When the Hockey Night in Canada crew meets this week to plan for the coming NHL season, two decisions will have already been made.
Jim Hughson will replace Bob Cole as the play-by-play voice for the 7 p.m. Eastern game. And Mark Lee's workload will be increased.
Cole, who is 75, will yield to Hughson, who will become the lead Hockey Night announcer and, as such, will call the 2009 Stanley Cup final.
As well, a plan to hire a new announcer has been shelved because of Lee's development as a playcaller.
"Mark did a terrific job at the Olympics and I thought he improved as a play-by-play hockey guy last year," said Scott Moore, the head of CBC Sports.
"He got more ice time. And getting more ice time will make him even better. We've decided for now not to go outside."
Hughson, who lives in Vancouver, will travel east, usually to Toronto, to call the early game of the weekly NHL doubleheader along with analyst Craig Simpson, who lives in Edmonton.
Just to be sure the announcers top up their frequent flyer points, the 10 p.m. game in the West will be called by Lee, who lives near Toronto.
Lee's on-air partner will be Marc Crawford, the former NHL coach now residing in Vancouver, who signed during the off-season with Hockey Night as a game analyst.
The hiring of Crawford appears to relegate Greg Millen to third-string status among the analysts, although Millen and Cole will be in the booth when Hockey Night airs a third telecast on Saturdays.
And the number of regional telecasts will be increased, bringing the total to three, said Sherali Najak, the executive producer of Hockey Night.
Cherry's thumbs up
The competitiveness of the Toronto Maple Leafs, normally a big audience producer, is an important issue for national broadcasters.
And despite gloomy predictions, the Leafs will be a stronger team in 2008-09, Don Cherry of Hockey Night says.
"I think what Cliff Fletcher [the interim general manager]has done is gone out and gotten guys with character, because that's what the club needed," Cherry said.
Among the new acquisitions, Jamal Mayers, acquired from the St. Louis Blues, would be a good choice for captain, Cherry said, assuming free-agent centre Mats Sundin doesn't suddenly appear at training camp.
"I'd like to see him as captain," Cherry said. "He's a Toronto guy and he's a tough, gritty player."
Cherry isn't sure the Leafs' coaching has been improved by replacing Paul Maurice with Ron Wilson.
"But it will be different," he said. "He's sort of an arrogant guy, a pompous guy. But being arrogant and pompous is not too bad," he said. "I can guarantee you there won't be as many goals scored against them, because that's his style."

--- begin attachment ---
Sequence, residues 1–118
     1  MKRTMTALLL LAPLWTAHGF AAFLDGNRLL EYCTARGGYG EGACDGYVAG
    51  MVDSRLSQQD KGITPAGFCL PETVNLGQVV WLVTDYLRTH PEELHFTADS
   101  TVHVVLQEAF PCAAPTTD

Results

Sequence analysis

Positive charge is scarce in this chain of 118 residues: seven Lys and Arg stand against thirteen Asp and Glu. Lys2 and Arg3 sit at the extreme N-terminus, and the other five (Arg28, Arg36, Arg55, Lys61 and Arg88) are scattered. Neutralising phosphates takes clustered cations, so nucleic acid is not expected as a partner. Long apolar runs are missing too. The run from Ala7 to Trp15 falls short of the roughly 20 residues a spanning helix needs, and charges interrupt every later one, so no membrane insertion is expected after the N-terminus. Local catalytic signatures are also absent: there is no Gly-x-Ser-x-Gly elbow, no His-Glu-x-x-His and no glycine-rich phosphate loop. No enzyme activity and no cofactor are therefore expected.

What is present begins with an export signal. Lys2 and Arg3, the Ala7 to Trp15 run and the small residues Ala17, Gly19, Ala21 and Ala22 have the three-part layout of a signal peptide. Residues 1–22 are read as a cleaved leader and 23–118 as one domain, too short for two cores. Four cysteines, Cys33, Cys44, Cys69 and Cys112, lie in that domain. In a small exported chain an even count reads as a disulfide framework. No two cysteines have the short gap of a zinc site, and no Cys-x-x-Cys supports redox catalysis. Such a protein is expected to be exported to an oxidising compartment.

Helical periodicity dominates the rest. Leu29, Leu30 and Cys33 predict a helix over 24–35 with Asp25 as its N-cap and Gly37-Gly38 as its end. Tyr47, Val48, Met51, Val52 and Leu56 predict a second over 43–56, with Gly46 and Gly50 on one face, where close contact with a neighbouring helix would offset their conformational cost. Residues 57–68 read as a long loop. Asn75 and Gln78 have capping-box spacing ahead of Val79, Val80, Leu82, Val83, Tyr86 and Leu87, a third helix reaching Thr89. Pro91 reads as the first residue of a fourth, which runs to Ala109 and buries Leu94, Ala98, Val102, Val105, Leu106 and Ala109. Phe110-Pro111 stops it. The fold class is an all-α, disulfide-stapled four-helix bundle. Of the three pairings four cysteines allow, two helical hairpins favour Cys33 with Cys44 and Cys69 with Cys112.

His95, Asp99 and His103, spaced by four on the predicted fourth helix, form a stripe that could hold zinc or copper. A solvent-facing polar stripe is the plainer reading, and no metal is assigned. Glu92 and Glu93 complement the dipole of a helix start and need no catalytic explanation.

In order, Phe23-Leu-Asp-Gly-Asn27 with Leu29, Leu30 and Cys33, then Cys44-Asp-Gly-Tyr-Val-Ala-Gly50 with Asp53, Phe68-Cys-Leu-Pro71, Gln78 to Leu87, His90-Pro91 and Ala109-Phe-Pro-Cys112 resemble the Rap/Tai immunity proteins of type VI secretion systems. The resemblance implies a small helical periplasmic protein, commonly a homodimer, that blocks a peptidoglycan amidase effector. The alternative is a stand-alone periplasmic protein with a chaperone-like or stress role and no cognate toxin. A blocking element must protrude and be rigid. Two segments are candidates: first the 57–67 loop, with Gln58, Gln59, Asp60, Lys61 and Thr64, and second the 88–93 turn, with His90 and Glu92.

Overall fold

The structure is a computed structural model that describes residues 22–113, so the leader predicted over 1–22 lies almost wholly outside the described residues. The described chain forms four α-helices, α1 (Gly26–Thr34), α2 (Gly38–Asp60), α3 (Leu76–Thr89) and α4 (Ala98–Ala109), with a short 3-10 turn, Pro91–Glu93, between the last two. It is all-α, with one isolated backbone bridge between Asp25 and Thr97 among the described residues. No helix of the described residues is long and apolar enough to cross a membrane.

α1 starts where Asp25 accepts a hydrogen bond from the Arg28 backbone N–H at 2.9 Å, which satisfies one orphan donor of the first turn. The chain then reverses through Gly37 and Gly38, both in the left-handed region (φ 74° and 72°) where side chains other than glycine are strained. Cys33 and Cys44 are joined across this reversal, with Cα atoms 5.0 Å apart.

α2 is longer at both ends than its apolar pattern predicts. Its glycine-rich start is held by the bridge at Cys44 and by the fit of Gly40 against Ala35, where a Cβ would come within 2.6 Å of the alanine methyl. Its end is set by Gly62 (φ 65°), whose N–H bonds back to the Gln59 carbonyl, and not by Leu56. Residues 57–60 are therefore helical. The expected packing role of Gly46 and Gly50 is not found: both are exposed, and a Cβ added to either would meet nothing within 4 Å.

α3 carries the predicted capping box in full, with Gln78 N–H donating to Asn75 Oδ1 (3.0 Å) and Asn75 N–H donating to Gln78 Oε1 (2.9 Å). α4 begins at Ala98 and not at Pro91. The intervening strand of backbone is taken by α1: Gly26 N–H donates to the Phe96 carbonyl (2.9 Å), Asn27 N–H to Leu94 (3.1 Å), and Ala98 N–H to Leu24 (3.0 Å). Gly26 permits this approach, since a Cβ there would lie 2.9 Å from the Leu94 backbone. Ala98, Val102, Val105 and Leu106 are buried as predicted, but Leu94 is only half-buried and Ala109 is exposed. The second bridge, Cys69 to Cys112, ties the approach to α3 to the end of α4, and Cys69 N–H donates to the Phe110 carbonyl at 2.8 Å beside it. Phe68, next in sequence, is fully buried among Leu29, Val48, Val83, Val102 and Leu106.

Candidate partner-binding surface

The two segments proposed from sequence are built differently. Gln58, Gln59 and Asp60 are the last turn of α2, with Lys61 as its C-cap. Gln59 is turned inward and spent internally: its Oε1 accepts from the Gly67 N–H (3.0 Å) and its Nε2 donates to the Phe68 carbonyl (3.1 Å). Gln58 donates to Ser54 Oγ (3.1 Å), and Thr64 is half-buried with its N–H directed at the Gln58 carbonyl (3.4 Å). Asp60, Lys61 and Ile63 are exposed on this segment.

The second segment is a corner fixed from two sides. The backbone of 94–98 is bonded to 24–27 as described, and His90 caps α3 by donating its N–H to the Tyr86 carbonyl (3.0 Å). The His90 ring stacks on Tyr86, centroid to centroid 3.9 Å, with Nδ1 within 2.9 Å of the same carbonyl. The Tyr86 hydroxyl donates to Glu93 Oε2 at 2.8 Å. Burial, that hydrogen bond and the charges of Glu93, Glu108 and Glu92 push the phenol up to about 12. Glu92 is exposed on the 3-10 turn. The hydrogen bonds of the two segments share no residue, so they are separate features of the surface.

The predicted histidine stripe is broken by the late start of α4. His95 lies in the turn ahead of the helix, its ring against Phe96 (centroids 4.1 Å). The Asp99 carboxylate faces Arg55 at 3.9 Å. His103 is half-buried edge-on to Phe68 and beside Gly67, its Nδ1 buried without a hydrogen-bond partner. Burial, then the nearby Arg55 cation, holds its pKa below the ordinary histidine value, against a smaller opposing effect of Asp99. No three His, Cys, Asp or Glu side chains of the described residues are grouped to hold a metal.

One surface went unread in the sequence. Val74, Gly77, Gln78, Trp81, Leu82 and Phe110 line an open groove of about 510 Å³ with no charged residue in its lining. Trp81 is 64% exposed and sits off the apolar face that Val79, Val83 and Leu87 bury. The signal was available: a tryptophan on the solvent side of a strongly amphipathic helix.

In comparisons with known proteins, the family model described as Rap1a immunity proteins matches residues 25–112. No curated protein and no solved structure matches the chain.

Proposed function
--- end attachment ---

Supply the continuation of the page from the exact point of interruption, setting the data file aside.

Hughson feels the same way.
"I think the Leafs will be competitive every night," he said. "I don't think they're going to be the doormat that everyone thinks. They'll be organized as a group and they will play a team game."
A final note on Cherry: He attends hockey games often involving minor-midget players (14-year-olds) with his son, Tim Cherry, who's a birddog for the NHL's Central Scouting.
A week ago, the father and son were at a tournament in which the players on one team (Cherry wouldn't give the name) celebrated goals by sliding on their knees, soccer-style, and giving each other "low high-fives."
Cherry was incensed.
"I said to Tim: 'They're acting like a bunch of [expletives] They're playing like a bunch of Brazilian soccer players."
Cherry quickly explained he has nothing against soccer or Brazilians, but dislikes the showboating and diving that is seen in the sport.
"After the game, I happened to bump into the coach and I said: 'What are they? A bunch of [expletive]soccer players?' " Cherry said. "He said, 'Would you come in and tell the boys?' "
Cherry went into the dressing room and lectured the kids on the ills of hot-dogging.
"We just don't do that in hockey," Cherry said. "I know a lot of people think it's exciting, but you don't do it, just like you don't stand and admire a home run."
TSN is continuing to turn up the heat on cable and satellite distributors to carry TSN2. Viewers were upset over not being able to see U.S. Open tennis on TSN2. On Sunday, TSN2 will carry the Edmonton Eskimos-Montreal Alouettes CFL game, while TSN airs golf's Ryder Cup.
Yesterday, TSN announced UEFA Champions League soccer programming on TSN2, starting today with Barcelona-Sporting at 2:30 p.m., followed by Chelsea-Bordeaux at 5:30 p.m.
Later this week, TSN2 will announce its NHL and NBA schedules.